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Will Bollywood lure Germans?

Srinivas MazumdaruJuly 28, 2016

A new TV channel is bringing Indian films packed with singing and dancing, as well as flamboyant TV shows, to German viewers. But it's unclear if the channel will be able to entice Germans into watching its programs.

Indischer Bollywood-Star Shah Rukh Khan
Image: picture alliance/Dinodia Photo

For most Germans, the word Bollywood is associated with Indian films featuring colorful costumes, lavish musical numbers and extravagantly choreographed dances.

One of India's largest TV networks, Zee TV, now aims to bring these films and other Indian programs into the living rooms of Germany. Zee, which claims to have viewers in over 165 countries, is starting a new channel from Thursday, July 28, in the European country.

The channel - which will be available for free via cable and satellite - is broadcast round the clock, and it is part of the network's strategy to expand its presence internationally.

Talking to DW earlier this year, Zee TV chairman Subhash Chandra said the channel's programming would primarily be made up of Bollywood content. "However, it will be specifically tailor-made for the German market and adapted for the country," he noted.

Germany already boasts a vast number of TV channels and has a reputation as a difficult market for foreign media content. Still, Chandra remains confident viewers in Germany would want to watch Zee TV as "the positioning of our content is happy and celebratory, and it caters to people of all ages."

The channel particularly wants to target women audiences in the 19-59 age group, who it believes would be more receptive to Bollywood, filled with emotional drama involving elaborate stories of love and longing as well as dance sequences and songs.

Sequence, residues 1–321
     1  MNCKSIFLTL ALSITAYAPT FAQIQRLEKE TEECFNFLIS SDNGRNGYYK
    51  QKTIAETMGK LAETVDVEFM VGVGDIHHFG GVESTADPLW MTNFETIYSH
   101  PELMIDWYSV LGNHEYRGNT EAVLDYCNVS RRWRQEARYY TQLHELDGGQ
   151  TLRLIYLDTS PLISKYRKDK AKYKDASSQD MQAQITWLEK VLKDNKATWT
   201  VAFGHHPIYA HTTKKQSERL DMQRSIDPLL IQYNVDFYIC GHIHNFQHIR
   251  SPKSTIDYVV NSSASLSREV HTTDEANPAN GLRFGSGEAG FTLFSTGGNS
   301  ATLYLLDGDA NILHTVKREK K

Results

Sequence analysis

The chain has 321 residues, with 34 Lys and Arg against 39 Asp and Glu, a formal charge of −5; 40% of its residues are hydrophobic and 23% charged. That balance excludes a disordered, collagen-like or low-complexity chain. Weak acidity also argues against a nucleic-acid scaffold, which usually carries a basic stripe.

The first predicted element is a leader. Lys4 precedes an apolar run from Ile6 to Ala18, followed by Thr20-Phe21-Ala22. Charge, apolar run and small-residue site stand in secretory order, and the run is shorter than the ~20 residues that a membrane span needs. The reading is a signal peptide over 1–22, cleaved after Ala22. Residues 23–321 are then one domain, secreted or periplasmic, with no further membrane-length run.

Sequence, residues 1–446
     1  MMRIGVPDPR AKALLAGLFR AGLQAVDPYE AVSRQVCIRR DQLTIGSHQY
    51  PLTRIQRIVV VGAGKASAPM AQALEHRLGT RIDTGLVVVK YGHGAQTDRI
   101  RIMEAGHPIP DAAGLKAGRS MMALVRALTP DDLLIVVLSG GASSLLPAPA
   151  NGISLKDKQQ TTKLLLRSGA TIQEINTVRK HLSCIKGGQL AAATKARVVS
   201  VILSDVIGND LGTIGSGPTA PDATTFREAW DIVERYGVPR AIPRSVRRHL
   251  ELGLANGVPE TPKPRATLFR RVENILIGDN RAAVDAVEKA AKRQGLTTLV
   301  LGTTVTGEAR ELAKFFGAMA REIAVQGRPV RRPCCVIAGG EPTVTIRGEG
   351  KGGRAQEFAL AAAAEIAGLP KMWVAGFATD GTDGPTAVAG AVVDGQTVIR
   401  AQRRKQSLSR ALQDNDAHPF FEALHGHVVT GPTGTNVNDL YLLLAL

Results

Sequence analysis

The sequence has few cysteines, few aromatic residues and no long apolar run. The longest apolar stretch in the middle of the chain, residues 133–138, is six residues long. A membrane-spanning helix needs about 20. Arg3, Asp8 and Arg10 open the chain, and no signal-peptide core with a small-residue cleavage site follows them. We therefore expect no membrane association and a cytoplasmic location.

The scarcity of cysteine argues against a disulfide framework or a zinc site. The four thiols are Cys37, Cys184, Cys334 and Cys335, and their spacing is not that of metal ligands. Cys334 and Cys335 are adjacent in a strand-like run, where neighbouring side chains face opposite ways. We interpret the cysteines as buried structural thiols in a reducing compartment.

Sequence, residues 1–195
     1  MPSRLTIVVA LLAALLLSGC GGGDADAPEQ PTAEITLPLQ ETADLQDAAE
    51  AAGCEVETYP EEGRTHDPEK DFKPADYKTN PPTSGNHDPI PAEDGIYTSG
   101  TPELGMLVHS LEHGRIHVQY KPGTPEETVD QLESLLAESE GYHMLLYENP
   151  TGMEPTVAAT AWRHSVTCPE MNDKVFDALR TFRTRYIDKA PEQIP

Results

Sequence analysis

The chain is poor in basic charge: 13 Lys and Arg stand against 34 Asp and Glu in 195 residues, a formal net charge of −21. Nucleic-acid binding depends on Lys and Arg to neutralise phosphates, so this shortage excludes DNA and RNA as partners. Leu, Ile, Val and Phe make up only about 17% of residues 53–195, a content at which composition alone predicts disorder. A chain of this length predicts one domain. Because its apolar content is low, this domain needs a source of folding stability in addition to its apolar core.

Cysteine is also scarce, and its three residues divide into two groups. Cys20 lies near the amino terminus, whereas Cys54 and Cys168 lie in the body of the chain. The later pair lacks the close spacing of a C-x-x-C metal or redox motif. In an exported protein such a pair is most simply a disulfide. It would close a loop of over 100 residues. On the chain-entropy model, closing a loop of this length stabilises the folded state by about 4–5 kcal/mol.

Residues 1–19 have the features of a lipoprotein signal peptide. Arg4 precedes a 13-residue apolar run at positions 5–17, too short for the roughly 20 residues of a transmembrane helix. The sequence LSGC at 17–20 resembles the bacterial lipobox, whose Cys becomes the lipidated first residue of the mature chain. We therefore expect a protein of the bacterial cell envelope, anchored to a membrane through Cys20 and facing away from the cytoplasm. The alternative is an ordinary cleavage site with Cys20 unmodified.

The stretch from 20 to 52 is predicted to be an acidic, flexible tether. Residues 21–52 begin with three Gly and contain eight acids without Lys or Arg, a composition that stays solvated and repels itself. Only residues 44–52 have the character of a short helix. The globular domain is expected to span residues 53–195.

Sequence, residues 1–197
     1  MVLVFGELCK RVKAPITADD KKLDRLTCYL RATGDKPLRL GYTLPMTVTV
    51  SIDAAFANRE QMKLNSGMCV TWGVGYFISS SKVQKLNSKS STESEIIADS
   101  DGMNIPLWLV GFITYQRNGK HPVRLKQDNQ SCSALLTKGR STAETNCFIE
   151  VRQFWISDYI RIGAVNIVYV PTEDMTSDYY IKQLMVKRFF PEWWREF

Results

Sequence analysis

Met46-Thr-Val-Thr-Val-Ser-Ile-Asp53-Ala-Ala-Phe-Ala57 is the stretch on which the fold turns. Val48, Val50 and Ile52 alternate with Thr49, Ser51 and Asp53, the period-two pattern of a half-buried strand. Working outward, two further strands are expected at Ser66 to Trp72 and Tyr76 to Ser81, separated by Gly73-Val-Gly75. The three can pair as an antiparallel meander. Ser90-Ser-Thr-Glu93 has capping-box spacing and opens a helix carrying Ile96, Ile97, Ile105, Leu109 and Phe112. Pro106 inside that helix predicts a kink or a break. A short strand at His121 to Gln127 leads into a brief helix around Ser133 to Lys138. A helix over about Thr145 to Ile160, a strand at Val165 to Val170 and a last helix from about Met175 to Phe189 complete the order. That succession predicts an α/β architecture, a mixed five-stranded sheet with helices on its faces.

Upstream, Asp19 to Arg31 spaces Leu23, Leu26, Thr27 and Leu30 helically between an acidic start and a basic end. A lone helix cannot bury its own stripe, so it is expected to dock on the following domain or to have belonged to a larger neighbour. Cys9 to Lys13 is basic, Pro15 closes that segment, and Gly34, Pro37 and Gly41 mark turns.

Indien Film Bollywood
Songs and dances are a common staple of Indian cinemaImage: picture alliance/ZUMA Press/ India Today

Growing presence

Few German TV channels and cinemas currently show Indian movies. However, a few years ago, Germany witnessed a surge in interest for Bollywood films when a private German TV station, RTL II, began airing them on a regular basis.

At present, Germany is considered to be the second-biggest market in Europe for the films, trailing only the UK. And Indian movie personalities such as Shah Rukh Khan enjoy a significant fan base in cities like Berlin.

In 2012, for instance, when Khan was due to arrive for the premiere of his film "Don 2" in Berlin, a crowd of over 1,000 people waited passionately in freezing temperatures outside the Friedrichstadtpalast in the German capital to catch a glimpse of the actor.

But overall, the number of Germans interested in watching Indian films continues to remain very limited, as many are not excited by the prospect of watching three-hour long emotional sagas interrupted by dance numbers.

Jakob Kube, a 25-year-old student from Bonn, said he has so far not watched a Bollywood movie. "I watched the movie Slumdog Millionaire and liked many Bollywood aspects of the film, but I personally don't see the need for a Bollywood TV channel in Germany," he told DW.